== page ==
J. D. SALINGER
J. D. Salinger (Jerome David Salinger) was born in New York City in 1919 to Sol and Miriam Jillich Salinger (his father was Jewish; his mother, Scotch Irish). He has a sister Doris 8 years his senior. He attended public schools on Manhattan's upper West Side, the private McBurney School in Manhattan, and then Valley Forge Military Academy in Pennsylvania, from which he graduated in 1936. His college experience was brief: a summer session at New York University, a short-story writing class at Columbia University taught by Whit Burnett, co-editor of Story, and a short period at Ursinus College in Pennsylvania.
Of further biographical note is his military service during World War II, including counter-intelligence training in Devonshire, England (the setting for part of "For Esme-with Love and Squalor")
In 1955 he married Claire Douglas; they have a daughter and a son.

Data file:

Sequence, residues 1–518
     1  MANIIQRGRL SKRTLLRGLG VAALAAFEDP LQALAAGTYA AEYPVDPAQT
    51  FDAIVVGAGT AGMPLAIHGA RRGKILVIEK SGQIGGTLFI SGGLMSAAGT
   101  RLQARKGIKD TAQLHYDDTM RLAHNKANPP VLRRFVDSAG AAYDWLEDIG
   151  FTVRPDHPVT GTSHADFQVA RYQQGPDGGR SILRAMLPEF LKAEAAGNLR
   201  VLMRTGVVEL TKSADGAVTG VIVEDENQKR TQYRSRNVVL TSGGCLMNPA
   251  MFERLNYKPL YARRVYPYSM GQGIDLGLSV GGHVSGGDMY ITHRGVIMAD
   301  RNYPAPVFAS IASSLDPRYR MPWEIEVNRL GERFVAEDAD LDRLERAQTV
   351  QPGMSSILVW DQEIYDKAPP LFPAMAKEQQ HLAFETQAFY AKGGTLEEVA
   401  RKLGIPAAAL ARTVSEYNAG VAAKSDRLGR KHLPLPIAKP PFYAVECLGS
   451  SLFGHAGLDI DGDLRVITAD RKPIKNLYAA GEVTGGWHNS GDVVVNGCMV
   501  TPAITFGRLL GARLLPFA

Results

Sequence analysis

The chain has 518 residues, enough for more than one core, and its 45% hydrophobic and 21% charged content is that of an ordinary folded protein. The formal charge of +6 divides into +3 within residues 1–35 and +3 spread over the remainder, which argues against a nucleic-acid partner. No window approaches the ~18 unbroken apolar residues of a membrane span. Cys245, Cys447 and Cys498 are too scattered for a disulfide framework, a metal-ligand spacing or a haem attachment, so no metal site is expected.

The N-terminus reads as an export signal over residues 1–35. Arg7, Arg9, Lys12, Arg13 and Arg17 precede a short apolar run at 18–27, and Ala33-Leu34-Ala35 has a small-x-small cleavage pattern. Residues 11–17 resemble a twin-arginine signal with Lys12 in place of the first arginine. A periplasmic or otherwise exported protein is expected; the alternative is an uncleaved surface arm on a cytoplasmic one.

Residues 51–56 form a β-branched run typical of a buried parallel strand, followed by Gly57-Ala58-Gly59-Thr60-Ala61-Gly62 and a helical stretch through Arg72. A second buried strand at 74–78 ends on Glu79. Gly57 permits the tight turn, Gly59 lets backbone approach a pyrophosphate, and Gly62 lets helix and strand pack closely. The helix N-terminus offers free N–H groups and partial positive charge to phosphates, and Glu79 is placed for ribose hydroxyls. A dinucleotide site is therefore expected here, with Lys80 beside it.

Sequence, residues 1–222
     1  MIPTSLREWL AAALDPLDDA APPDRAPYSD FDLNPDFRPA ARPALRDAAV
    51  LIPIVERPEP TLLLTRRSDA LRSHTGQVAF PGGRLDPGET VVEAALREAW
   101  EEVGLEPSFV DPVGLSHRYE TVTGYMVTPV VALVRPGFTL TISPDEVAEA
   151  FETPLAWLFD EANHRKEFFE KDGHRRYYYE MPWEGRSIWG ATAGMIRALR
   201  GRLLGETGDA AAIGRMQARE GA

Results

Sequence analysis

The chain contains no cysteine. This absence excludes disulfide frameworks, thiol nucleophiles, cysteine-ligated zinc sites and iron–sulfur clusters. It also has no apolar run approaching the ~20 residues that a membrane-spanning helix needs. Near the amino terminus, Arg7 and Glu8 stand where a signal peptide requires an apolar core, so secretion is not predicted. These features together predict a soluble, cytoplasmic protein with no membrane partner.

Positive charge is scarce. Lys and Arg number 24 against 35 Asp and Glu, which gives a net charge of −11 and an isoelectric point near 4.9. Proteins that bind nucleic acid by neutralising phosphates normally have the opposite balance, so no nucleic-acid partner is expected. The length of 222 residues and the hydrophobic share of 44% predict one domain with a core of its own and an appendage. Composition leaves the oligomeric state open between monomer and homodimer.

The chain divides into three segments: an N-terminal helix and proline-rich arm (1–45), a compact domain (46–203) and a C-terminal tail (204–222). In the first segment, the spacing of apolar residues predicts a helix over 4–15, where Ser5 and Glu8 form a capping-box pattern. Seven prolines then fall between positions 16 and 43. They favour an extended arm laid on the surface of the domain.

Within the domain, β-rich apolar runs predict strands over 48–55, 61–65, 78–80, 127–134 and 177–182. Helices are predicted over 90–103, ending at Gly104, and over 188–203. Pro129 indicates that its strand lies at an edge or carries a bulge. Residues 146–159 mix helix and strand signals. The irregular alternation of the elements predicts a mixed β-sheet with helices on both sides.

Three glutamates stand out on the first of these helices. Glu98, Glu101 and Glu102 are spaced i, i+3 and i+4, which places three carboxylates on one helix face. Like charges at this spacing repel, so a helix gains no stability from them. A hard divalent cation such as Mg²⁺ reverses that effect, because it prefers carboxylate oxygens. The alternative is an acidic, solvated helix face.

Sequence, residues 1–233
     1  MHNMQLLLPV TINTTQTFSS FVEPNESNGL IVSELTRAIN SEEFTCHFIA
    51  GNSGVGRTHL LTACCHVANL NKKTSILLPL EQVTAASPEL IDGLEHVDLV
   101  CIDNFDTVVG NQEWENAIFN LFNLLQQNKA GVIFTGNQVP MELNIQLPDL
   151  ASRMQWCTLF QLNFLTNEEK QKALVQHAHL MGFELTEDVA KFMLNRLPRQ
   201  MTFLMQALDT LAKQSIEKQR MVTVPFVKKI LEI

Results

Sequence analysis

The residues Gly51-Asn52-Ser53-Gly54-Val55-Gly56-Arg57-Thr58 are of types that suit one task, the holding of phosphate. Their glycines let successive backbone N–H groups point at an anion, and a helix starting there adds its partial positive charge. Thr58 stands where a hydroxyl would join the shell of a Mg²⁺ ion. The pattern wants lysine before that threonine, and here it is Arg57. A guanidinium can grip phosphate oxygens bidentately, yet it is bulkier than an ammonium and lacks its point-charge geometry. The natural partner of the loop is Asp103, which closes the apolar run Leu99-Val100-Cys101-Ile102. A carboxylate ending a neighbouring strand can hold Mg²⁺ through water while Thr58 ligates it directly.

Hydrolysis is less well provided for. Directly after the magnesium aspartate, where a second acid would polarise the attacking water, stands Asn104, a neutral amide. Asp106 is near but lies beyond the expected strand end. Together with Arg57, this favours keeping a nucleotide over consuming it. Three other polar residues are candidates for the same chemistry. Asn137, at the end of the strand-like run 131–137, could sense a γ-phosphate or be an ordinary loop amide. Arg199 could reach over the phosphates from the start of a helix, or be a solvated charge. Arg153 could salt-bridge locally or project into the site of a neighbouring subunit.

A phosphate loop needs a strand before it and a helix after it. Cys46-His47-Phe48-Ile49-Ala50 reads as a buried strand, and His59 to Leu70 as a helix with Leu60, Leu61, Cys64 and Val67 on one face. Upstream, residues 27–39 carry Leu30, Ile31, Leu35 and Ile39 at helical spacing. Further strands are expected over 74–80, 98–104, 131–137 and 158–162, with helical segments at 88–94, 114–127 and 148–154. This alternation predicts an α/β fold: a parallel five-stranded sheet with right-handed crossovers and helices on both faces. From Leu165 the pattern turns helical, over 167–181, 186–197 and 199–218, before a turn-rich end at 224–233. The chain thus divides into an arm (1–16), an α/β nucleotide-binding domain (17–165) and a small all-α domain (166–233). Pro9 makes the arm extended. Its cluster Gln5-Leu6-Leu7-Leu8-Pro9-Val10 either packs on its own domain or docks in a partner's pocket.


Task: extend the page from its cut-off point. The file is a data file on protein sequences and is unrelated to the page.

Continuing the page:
Salinger is noted for what has been called a "reverse exhibitionism," that is, a determination to keep his life private.
By 1941, when he was 22, Salinger was publishing in well-paying magazines such as Collier's and Esquire.
It was in 1948 that he began to find real recognition, with the publication of three stories which later were to appear in the collection, Nine Stories: "A Perfect Day for Bananafish," "Uncle Wiggily in Connecticut," and "Just Before the War with the Eskimos," all appearing in the New Yorker, certainly a prestigious sign. In 1949 and 1950 three more stories from his collection were published - "The Laughing Man," "Down at the Dinghy," and "For Esme - with Love and Squalor."
The Catcher in the Rye became upon publication in 1951 what might be termed an almost-immediate success.